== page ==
Is There Any Truth to Claims of “Cures” and “Guarantees”?

There remains a tremendous stigma associated with being labeled an “addict” or “mentally ill.” Unfortunately, there are some treatment providers who prey on people’s fears related to these labels.

Whether or not you label yourself an addict or as mentally ill, most people who contact us are struggling with cravings or compulsions to use; disruptions in their work, school or family lives; problems with judgment or risky behaviors, mood problems or even legal problems. We won’t label you; we want to help you achieve your individual goals.

However, if your level of drug or alcohol use has become so severe that you meet the diagnosable level of drug or alcohol addiction and/or mental illness, then there is a neurological basis (brain disorder) for what is happening to you, not necessarily a character flaw. In this situation, you may have a chronic medical condition. Like any chronic medical condition (cancer, diabetes, heart disease) you can absolutely reach a level of remission with your disease and live a healthy, productive, happy and content life if your disease is managed well for the rest of your life. But there is no “cure” for the chronic disease of addiction and mental illness, and anyone who claims to offer such an empty promise should be viewed with suspicion.

If you are offered a “guarantee,” please read the fine print! Similar to the discussion about enrollment and follow-up, some providers in the addiction treatment industry may have very self-serving language that adds significant qualifiers to their guarantees. A guarantee by itself is not necessarily bad or wrong, but most guarantees out there now require that you 1.) complete their program successfully (as defined by them), and 2.) that you comply with all their aftercare recommendations (as defined by them). These guarantees include significant, and often difficult to achieve “If, then” qualifiers. “If you (blank), then we will (blank).” Again, please view these with extreme suspicion and scrutiny.

What we can tell you is that good treatment can help you achieve what you desire. This statement is backed up by valid, reliable research. There is no false cure or empty guarantee, but there is real help and hope available for you.

How Much Does Treatment Cost?

Cost depends on what you want, need and, honestly, have the resources to pay for. There are high cost treatment services, low cost treatment services and local, state and federally-funded treatment services available. Most of our callers start by telling us what they want. Then together we talk about what they may need. “Need” is an important factor when considering paying for treatment utilizing private insurance.

Private insurance companies will only pay for what they consider “medically necessary.” If you have a pain in your knee, your insurance will not leap to paying for surgery. What is medically necessary is a doctor’s visit first, then depending on the physician’s assessment of your knee, he may recommend acetaminophen or ibuprofen. If that doesn’t work, you may have an X-ray and physical therapy. If these don’t work, you may get an MRI; depending on these results, you may qualify for “medically necessary” surgery covered by your insurance policy.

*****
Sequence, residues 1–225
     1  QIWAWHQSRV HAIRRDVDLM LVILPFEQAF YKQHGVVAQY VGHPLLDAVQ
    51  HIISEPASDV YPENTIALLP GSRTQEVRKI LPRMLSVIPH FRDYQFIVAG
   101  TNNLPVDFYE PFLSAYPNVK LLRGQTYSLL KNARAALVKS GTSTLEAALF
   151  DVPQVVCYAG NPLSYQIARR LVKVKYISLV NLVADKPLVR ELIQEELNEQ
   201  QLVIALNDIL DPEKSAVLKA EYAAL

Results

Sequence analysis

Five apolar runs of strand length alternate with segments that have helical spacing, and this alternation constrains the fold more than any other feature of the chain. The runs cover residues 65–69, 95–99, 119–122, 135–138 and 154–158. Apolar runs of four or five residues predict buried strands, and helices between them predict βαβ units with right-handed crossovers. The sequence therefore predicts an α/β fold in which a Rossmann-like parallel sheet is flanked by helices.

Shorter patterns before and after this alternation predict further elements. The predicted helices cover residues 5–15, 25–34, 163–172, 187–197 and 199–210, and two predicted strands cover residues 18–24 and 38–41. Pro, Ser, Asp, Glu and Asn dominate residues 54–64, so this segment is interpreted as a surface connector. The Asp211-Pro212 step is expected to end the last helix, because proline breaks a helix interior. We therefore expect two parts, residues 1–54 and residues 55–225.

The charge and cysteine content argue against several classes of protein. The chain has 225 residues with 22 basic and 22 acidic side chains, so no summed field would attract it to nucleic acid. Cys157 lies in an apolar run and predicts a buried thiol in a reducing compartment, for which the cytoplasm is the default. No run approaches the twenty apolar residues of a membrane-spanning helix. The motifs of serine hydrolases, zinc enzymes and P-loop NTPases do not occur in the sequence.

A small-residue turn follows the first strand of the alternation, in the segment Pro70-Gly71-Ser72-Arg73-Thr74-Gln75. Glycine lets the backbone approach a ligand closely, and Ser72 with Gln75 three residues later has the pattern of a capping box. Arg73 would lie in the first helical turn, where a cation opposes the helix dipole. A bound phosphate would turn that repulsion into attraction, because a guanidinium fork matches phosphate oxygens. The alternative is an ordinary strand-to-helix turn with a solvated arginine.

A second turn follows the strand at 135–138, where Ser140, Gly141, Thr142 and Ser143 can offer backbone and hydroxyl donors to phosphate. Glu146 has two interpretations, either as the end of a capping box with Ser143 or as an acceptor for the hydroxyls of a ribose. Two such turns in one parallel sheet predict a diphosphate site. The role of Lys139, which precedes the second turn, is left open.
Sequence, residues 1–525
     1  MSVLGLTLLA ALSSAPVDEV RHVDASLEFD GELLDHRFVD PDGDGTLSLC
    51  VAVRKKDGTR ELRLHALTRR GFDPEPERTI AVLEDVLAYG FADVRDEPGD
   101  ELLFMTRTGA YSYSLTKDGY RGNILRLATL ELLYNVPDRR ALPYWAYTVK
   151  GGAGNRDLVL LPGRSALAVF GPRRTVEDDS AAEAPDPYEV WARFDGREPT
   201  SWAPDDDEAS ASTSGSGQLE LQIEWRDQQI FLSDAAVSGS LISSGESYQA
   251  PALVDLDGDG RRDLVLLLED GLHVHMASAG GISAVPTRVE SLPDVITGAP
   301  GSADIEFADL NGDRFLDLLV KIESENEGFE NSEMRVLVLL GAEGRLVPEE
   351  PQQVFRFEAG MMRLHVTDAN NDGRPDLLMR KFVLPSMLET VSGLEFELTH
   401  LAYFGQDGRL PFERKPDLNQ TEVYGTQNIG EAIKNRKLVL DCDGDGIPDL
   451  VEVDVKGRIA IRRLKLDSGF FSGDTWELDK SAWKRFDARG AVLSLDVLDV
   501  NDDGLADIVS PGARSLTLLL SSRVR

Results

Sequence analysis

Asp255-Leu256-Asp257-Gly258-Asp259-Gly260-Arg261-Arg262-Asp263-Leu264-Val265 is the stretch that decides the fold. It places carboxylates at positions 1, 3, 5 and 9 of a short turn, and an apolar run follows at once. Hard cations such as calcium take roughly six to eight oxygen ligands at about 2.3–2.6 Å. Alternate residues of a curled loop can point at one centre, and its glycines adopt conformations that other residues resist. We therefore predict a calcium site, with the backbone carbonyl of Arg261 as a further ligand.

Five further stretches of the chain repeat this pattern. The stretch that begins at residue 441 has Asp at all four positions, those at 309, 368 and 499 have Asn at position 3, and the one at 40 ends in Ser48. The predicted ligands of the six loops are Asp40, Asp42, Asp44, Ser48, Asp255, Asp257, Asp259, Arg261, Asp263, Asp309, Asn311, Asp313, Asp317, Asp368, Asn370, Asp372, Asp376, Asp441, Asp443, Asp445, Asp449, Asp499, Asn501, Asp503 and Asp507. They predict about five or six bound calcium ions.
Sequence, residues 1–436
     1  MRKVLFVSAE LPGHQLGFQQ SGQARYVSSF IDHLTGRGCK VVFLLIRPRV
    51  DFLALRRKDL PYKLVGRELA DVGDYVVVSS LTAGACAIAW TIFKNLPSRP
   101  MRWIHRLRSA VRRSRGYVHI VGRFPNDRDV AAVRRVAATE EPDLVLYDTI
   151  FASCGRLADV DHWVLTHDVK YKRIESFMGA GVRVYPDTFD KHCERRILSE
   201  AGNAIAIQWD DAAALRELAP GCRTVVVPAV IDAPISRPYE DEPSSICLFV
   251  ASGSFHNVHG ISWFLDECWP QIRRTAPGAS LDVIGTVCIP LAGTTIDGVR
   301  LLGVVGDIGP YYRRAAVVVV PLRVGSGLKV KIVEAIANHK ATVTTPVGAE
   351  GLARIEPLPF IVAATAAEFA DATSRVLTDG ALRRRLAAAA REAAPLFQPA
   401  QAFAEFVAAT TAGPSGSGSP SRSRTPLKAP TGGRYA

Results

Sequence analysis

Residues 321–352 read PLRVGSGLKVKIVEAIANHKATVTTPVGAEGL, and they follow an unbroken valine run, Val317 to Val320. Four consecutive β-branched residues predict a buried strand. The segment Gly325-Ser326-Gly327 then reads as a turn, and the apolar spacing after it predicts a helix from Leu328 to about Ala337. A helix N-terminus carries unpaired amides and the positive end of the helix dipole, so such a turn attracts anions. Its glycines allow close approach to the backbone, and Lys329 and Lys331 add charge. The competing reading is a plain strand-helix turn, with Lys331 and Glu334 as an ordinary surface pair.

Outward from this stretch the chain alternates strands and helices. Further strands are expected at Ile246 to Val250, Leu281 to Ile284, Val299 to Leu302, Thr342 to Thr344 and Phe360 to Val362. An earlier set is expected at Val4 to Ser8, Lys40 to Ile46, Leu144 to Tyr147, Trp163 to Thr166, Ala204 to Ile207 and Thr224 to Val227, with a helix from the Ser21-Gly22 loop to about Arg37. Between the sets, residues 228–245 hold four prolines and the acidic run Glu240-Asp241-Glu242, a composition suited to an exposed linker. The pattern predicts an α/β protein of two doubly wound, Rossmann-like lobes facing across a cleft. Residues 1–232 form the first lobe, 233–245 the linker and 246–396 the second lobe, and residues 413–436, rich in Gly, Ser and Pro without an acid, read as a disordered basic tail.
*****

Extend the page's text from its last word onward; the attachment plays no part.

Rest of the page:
Addiction and mental health treatment is exactly the same. You may or may not “need” treatment in a 24-hour setting for an extended period of time. Determinations of “need” and the amounts of coverage (payment) provided by an insurance company varies.

To determine what you need and what your insurance carrier will pay for, you can call us or call your insurance company. Your insurance company will likely direct you to one of their providers for an assessment. For more information about insurance, visit our Insurance FAQ page.

The primary drivers of cost are 1.) levels of staff on-site and their level of competence (clinical credentials), 2.) content and components of their program, and 3.) the type of experience offered (food, beds, cleanliness, environment/setting and other provided services).

FRN accepts most private insurance plans (85% of our patients utilize private insurance). Deductibles, co-pays and costs for any non-covered services (such as sober housing following or in addition to treatment) vary widely based on wants, needs and coverage.

FRN also offers a range of treatment options and experiences, so what you want and need may also be unique. To really determine your unique wants, needs and ultimately costs, we must do so in conversation with you. If you use private insurance, we will work with them and you: We will advocate for you to them based on what both we and you believe you need, but ultimately they will determine what they will or won’t pay. We will keep you closely informed every step of the way. We have experience with thousands of patients and different payers, so we’re very experienced in determining what you can expect.

FRN does not currently work with any local, state or federal government payers. No matter who your payer is or what your unique needs involve, if you call us, we are committed to helping you find help.